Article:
But the eight tracks which make up Position | Momentum take this a step further. These aren’t just songs… they’re statements, each one a declaration that the band have no intention of compromising or conforming, even as their star continues to rise.

At the same time, however, they’re clearly not afraid to take whatever steps they deem necessary – in this case, downplaying the more Hardcore/Blackened Hardcore side of their sound in favour of an approach that favours a more “pure” (though not “trve”) Black Metal approach – to prevent themselves, and their sound, from stagnating and getting stale.

This is how songs like “Sul Dolore” and “Tebe” can blast and blaze even harder than ever while still finding space for an even richer undercurrent of moody melody – simultaneously increasing their overall intensity even as they shift things around to make room for a more introspective vibe – and why the gloomy slow-burn intro of “Eschilo” never threatens to undermine the track’s impressive impact, instead serving to enhance it.

It’s the climactic trio of tracks which begins with “Ostranenie”, however, which really show what the band are capable of these days, now that all the gloves are off, with the subtly proggy (dare I say, even White Ward-esque) ambitions of the former offering a compelling counterpoint to the razor-sharp riffs and seething melodic hooks of the more streamlined “Ex-Sistere”, all of which sets the stage for the commandingly cathartic, devastatingly dynamic strains of “Seminario Dieci” to bring down the curtain in triumphant fashion.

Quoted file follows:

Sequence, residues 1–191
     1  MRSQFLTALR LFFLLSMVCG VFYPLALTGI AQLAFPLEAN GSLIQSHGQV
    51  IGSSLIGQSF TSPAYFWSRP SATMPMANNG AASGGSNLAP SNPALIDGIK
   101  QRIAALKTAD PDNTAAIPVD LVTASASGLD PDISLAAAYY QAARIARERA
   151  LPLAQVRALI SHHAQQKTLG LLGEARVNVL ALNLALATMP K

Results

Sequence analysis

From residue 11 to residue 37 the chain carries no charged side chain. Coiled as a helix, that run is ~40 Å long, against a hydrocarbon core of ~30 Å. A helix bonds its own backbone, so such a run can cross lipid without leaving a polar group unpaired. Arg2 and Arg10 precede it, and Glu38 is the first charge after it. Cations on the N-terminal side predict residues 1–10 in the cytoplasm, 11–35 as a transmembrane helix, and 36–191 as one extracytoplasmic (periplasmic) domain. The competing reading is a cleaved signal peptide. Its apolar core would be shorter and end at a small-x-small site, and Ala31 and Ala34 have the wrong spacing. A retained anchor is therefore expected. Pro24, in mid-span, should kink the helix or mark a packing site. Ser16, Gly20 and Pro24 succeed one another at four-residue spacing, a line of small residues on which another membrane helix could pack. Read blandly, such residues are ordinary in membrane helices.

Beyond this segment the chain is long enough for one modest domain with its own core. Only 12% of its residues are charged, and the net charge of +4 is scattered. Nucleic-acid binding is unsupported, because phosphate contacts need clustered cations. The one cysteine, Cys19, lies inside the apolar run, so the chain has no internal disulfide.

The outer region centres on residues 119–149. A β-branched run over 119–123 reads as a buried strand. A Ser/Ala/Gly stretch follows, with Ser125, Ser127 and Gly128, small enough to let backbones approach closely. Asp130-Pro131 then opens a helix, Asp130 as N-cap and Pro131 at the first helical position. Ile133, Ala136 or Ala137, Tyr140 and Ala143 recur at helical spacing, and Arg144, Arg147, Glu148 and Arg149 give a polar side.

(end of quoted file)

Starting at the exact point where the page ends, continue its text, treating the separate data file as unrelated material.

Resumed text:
So if you’re looking for an album with an instant impact but which then goes on to reveal its more rewarding depths over time, then this is the record for you.


If Burner‘s debut album above is a prime example of a Hardcore band co-opting the heaviness of Death Metal to give their sound even more weight and power, then Coffin Mulch‘s Spectral Intercession provides a great representation of a Death Metal band adopting a Hardcore-inspired edge to help them strip-down and streamline their sound to its barest, and most brutal, essentials.

All muss, no fuss, and absolutely no filler, these eight tracks find the band wilfully wallowing in all the familiar tricks and classic tropes of Old School Death Metal – landing somewhere between Grave‘s buzzsaw grooves and Obituary‘s obnoxiously ugly chuggery – in a way that feels organically authentic without simply being derivative.

Your mileage may vary, of course, but for me it’s the tighter, more focussed songwriting which really marks this album out as the beginning of a beautiful f(r)iendship between Coffin Mulch and the Death Metal scene, both here in the UK and in the wider world, with killer cuts like the hammering “Into the Blood”, the savage, straight-to-the-throat attack of “In the Grip of Death”, and the monstrous, lurching momentum of “Gateway to the Unseen” demonstrating that sometimes all you need are a handful of blood and bile encrusted riffs and some filthily contagious hooks to make a lasting impression.

Sure, there’s still a need for the band to find/define their own distinctive voice here and there – though the desperate urgency of “Infernal Mass” comes very close – but, in a year where it seems like we’re constantly being told that every new Death Metal release is “the next big thing” (spoiler alert: they’re not, and I think some of these overly hyperbolic takes are going to age pretty badly pretty quickly) it’s refreshing to encounter an album that hasn’t been co-opted by the hype machine and instead just quietly (relatively speaking, of course) and consistently gets on with delivering the goods, on its own terms, while laying down a firm foundation for Coffin Mulch as “ones to watch” in the future.